... see. Alas poore Yorick, I knew him Horatio, a fellow of infinite Iest; of most excellent fancy, he hath borne me on his backe a thousand times: And how abhorred my Imagination is, my gorge rises at it. Heere hung those lipps, that I haue kist I know not how oft. Where be your Iibes now? Your Gambals? Your Songs? Your flashes of Merriment that were wont to set the Table on a Rore? No one now to mock your own Ieering? Quite chopfalne? Now get you ...
— The First Folio [35 Plays] • William Shakespeare

... was too deeply intent on his next move to be embarrassed by his lack of clothes. Not in vain had his gorge risen almost at first sight of this man. He stepped quickly in front of Monsieur Chatelard, blocking his exit up the ladder, while the revolver in his hand looked ...
— The Stolen Singer • Martha Idell Fletcher Bellinger

... breakfast, the white man walked downstream towards the ramparts of rocks through which the river ran. When he reached them he looked down at the water. It ran smooth and glassy and swift, whirling against the rocky sides a good foot higher than between the earthen banks upstream. He followed the gorge, forgetting that he was tired, forgetting the preparing breakfast, a look of extreme anxiety upon his face. Three-quarters of an hour's walking brought him to the end of the gorge, and for a mile or two the country opened out once more, the river running wide between low-lying banks to disappear ...
— A Mating in the Wilds • Ottwell Binns

... rocky gorge leading to the temple at Delphi, but just as they were entering the valley a terrible thunderstorm broke forth. The darkness became so great that the soldiers lost their way. The rocks rolled and crashed down upon them; and the soldiers, filled with dread, beat a hasty ...
— The Story of the Greeks • H. A. Guerber

... Americans, was approaching Saltillo. Leaving Monterey on January 31, Taylor reached Saltillo on February 2, and passed on to Aqua Nueva, twenty miles south of Saltillo, where he remained three weeks. Thence he fell back to a mountain gorge opposite Buena Vista. On February 22, his troops and those of Santa Anna were within sight of each other. Under a flag of truce, Santa Anna demanded Taylor's surrender, which was refused. The famous ...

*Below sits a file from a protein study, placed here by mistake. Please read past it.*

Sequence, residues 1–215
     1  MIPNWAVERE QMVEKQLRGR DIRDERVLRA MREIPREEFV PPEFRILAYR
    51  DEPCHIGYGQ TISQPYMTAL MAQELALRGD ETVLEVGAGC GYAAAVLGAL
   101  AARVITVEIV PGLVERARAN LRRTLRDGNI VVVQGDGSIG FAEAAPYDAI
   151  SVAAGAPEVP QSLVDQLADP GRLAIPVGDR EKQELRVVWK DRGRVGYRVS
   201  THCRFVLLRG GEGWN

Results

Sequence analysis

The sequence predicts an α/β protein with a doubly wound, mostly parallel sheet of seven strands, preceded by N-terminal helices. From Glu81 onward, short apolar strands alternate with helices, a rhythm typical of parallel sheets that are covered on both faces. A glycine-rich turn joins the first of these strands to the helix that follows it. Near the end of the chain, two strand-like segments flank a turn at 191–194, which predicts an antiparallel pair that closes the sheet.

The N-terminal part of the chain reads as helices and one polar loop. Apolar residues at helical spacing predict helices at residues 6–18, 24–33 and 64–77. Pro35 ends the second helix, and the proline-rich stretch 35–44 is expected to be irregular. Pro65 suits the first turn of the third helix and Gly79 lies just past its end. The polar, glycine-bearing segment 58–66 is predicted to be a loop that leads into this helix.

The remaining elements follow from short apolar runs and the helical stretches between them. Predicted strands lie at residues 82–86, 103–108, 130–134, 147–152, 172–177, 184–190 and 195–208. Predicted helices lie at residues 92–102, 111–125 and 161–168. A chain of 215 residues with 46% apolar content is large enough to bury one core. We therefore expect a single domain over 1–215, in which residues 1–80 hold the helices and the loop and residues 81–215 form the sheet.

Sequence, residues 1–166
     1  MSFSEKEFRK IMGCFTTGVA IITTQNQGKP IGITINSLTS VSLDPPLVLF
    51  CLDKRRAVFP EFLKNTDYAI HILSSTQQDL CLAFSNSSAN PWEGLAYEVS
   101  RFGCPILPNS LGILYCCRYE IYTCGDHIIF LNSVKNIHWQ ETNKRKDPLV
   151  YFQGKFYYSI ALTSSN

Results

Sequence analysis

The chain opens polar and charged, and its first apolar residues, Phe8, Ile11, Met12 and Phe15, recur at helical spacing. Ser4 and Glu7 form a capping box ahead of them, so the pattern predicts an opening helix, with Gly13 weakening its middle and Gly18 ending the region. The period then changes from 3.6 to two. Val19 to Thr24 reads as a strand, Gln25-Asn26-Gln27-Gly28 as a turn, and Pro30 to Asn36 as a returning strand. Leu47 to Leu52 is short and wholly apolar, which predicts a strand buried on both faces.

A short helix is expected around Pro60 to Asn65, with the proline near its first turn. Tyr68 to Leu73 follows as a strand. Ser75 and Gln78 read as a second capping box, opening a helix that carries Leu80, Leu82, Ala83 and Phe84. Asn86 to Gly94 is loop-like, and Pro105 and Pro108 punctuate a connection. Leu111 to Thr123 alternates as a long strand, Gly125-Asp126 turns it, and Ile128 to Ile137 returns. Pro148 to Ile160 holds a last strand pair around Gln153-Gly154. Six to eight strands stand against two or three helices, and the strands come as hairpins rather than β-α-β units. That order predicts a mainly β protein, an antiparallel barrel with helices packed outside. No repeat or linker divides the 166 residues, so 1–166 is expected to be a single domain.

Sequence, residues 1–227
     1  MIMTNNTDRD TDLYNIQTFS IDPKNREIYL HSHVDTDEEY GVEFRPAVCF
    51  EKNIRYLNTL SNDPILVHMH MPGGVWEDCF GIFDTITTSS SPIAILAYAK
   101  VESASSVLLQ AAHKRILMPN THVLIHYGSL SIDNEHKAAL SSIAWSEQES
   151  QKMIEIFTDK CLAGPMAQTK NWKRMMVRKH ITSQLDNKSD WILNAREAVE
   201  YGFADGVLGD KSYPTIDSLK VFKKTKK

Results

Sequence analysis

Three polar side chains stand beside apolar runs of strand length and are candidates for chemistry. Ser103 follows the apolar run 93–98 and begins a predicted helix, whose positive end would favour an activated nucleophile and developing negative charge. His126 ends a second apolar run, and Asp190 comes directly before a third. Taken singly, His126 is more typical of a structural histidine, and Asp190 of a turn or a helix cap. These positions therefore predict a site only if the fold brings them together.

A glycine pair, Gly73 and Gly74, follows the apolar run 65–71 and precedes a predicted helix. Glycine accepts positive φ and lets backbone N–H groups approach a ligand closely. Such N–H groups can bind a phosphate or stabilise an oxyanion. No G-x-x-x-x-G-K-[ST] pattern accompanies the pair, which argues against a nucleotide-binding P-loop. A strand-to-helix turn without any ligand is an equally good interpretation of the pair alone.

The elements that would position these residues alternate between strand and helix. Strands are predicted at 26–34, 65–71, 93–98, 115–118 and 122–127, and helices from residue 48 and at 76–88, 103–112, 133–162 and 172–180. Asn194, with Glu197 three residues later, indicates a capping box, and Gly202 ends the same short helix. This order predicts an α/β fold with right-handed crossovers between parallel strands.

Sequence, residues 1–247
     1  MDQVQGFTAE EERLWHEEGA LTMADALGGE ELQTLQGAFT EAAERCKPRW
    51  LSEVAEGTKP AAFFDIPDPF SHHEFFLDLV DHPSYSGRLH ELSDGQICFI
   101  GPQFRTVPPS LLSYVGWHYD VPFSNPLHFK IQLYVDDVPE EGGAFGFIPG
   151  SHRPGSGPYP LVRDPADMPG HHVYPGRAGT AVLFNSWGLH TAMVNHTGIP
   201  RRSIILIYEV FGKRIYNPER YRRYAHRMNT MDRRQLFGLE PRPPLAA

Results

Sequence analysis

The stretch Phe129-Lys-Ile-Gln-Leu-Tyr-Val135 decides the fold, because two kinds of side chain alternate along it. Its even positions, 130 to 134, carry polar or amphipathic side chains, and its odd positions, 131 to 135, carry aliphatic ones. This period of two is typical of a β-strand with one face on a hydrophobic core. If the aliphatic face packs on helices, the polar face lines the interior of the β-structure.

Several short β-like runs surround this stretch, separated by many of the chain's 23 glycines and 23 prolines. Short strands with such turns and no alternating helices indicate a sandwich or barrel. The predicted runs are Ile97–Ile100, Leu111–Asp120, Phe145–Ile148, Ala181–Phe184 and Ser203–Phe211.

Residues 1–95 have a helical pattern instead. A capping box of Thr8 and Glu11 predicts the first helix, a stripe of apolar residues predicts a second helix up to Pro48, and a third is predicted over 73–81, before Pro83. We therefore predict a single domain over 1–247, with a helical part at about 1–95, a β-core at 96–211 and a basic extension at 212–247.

— A History of the Nineteenth Century, Year by Year - Volume Two (of Three) • Edwin Emerson

... ranged in serried rows along the scarred and scarped face of the hill. This hill, which is geologically a fragment of the plateau behind which some gigantic landslip was sent sliding in the direction of the river, leaving the picturesque gorge and cliffs of Der el-Bahari to mark the place from which it was riven, was evidently the seat of the oldest Theban necropolis. Here were the tombs of the Theban chiefs in the period of the Old Kingdom, two of which have ...
— History Of Egypt, Chaldaea, Syria, Babylonia, And Assyria In The Light Of Recent Discovery • L.W. King and H.R. Hall

... valleys burst upon us as such scenes, to be witnessed with advantage, ought to do, without the slightest warning or expectation. The road by which we approached it, being completely shut in with wood, and winding considerably to aid the descent, brought us out nearly at the gorge of the vale, so as to throw the hamlet, the cliff, and the waterfall into the background; and as the whole was of such extent as to be taken in at one glance, the effect was striking beyond anything of the kind I ever witnessed. It is but natural to suppose that we had no desire to hurry through ...
— The Campaigns of the British Army at Washington and New Orleans 1814-1815 • G. R. Gleig

... other insurgents transit Pankisi Gorge to infiltrate Akhmeti region; boundary with Russia has been largely delimited, but not demarcated; several small, strategic segments remain ...
— The 2002 CIA World Factbook • US Government

... Away up the gorge all diurnal fancies trooped into the wide liberties of endless luminous vistas of azure sunlit mountains beneath the shining azure heavens. The sky, looking down in deep blue placidities, only here and there smote the water ...
— Innocents abroad • Mark Twain

... a group of great rocks and the first glimpse of Rainbow Cliffs could be seen. As the wagon drew nigh the gorge running through the cliffs, Anne Stewart and Polly were found ...
— Polly of Pebbly Pit • Lillian Elizabeth Roy

... the river bank they wandered, pausing here and there to admire the view, until they came to an overhanging bank at the entrance to a somewhat deep gorge, through which the river foamed to the boiling rapids below. It was indeed a beautiful scene. The banks of the river were covered with every variety of shrub and tree, except where the black rocks broke through; between the banks the dark river ...
— The Sky Pilot in No Man's Land • Ralph Connor